Knowing how the camera and film or image sensor see the light and the limitations this creates is part of deciding when to take the picture. “The eye is a marvelous thing—it will see into the brightest highlights or the deepest shadows,” says Johnson. “However, there are so many nice situations I can’t photograph because I use a contrasty film, Fujichrome Velvia 50, and it can only record about three stops of light.”
For example, Johnson meters a scene using his spot meter and finds a five-stop difference in contrast. He knows he’ll have to sacrifice something because the film doesn’t have the latitude to record it—either the highlights will be blown out or the shadows will go black, so you recompose to minimize these areas. Johnson uses his experience with Fujichrome Velvia to know how it reacts in most situations. He may need to come back when the light matches the characteristics of the film better, such as on an overcast day.
“With Velvia, you always have to be cognizant of the shadows,” says Johnson. His advice is to “know when it’s time to move on because you never know if there’s something better around the next corner.”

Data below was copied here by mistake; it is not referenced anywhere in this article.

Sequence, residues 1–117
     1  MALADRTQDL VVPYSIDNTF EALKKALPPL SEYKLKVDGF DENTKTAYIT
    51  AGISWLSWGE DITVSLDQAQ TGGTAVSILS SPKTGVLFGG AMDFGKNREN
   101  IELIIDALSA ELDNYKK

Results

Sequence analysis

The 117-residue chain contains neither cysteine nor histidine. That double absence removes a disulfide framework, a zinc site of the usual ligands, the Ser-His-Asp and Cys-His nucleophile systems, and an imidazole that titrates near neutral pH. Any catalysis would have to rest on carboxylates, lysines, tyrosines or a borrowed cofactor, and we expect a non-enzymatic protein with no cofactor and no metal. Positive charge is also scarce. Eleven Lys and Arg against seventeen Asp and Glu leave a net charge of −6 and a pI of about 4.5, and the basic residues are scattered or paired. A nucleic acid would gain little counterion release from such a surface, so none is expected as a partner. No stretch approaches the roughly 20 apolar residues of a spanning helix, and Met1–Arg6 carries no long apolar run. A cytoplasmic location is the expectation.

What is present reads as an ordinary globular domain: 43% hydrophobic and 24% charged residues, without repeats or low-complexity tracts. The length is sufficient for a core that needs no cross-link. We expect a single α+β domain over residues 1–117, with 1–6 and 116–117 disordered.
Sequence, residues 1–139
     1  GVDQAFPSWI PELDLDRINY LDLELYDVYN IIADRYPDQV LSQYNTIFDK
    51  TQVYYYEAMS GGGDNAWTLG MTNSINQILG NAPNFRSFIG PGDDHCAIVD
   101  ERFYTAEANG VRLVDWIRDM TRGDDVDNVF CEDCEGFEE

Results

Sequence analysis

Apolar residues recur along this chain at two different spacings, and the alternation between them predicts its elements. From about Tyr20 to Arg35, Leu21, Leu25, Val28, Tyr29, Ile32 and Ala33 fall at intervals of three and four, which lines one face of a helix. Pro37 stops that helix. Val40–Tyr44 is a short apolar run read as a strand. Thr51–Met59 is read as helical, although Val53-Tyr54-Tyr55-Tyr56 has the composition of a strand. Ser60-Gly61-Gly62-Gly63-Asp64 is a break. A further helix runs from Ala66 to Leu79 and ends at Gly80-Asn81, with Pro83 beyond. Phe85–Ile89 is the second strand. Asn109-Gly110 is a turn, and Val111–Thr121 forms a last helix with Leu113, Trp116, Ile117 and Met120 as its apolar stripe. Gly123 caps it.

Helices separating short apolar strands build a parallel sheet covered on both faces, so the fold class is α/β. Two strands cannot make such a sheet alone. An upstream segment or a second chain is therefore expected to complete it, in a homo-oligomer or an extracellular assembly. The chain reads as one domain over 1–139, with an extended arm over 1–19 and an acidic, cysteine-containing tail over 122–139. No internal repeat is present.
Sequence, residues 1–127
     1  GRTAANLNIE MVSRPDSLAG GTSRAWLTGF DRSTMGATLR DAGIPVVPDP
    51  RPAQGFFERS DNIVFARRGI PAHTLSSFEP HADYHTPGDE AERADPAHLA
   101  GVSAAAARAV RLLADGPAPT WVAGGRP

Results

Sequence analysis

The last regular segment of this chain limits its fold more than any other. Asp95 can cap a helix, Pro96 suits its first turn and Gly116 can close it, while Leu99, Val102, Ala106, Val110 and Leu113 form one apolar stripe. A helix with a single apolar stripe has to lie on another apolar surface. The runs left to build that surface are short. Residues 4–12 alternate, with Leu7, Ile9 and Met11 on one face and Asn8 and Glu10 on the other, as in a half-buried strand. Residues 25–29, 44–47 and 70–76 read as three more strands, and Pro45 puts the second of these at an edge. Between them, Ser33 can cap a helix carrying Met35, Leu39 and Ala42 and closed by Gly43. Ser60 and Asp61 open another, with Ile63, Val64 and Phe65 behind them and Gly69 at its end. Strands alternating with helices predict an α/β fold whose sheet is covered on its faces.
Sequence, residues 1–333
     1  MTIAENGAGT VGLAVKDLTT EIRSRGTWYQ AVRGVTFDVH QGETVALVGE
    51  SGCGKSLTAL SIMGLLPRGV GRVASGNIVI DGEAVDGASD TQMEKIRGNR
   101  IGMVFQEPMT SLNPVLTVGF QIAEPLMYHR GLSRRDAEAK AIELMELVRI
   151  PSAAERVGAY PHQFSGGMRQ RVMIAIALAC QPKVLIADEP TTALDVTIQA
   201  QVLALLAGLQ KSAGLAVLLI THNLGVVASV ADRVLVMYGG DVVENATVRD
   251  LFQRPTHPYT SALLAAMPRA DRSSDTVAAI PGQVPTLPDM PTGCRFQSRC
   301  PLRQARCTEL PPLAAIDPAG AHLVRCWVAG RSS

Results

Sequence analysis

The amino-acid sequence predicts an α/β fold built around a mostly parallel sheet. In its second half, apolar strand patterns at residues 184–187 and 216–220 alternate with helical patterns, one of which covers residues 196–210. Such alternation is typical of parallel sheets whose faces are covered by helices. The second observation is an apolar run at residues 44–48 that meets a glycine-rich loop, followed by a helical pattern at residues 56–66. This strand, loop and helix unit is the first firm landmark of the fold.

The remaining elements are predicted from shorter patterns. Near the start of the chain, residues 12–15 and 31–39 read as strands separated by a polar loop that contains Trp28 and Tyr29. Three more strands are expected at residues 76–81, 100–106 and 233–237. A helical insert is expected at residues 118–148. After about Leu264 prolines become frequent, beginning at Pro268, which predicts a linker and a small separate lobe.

Johnson uses a polarizing filter to help deepen the midday sky, an 81B warming filter for use on overcast days, and two- and three-stop graduated (soft) neutral-density filters to help reduce contrast between sky and land near sunrise and sunset.
A Digital Future?
Despite being film-based his entire career, Johnson realized that if he wanted to remain in business for the next 10 years, he needed to go digital for several reasons. First, his main calendar client is requiring all digital submissions for 2009. Second, he hopes it simplifies image management. Third, and most importantly, he hopes a digital sensor can capture a wider range of light than a narrow latitude film like Fujichrome Velvia 50, so there’s more detail in shadows and highlights.
Recently, Johnson purchased a Mamiya RZ Pro IID and a 22-megapixel ZD digital back. The camera gives him the flexibility of shooting either film or digital by changing backs. He plans to use this feature to compare shadow and highlight detail in scanned film and digital capture of the same images captured back to back.
Johnson appreciates how special the fleeting moments are when the light is dramatic. “Exposures are trickier and time is very short, so you have to move fast,” he says. “That all contributes to the feeling of accomplishment when you get it right, which isn’t all the time. I still do it for the joy of it. When my eyes are open, I’m always working. When something gorgeous is happening, I still get excited about it. If I’m happy with it, someone else who wasn’t there will get some of that feeling, too, and say, ‘Wow, it must have been great to see that.’”
William H. Johnson has been involved with photography for more than 40 years. His artistic landscapes capture the spectacular New England coastline and countryside in all seasons, from intimate details to broad scenics.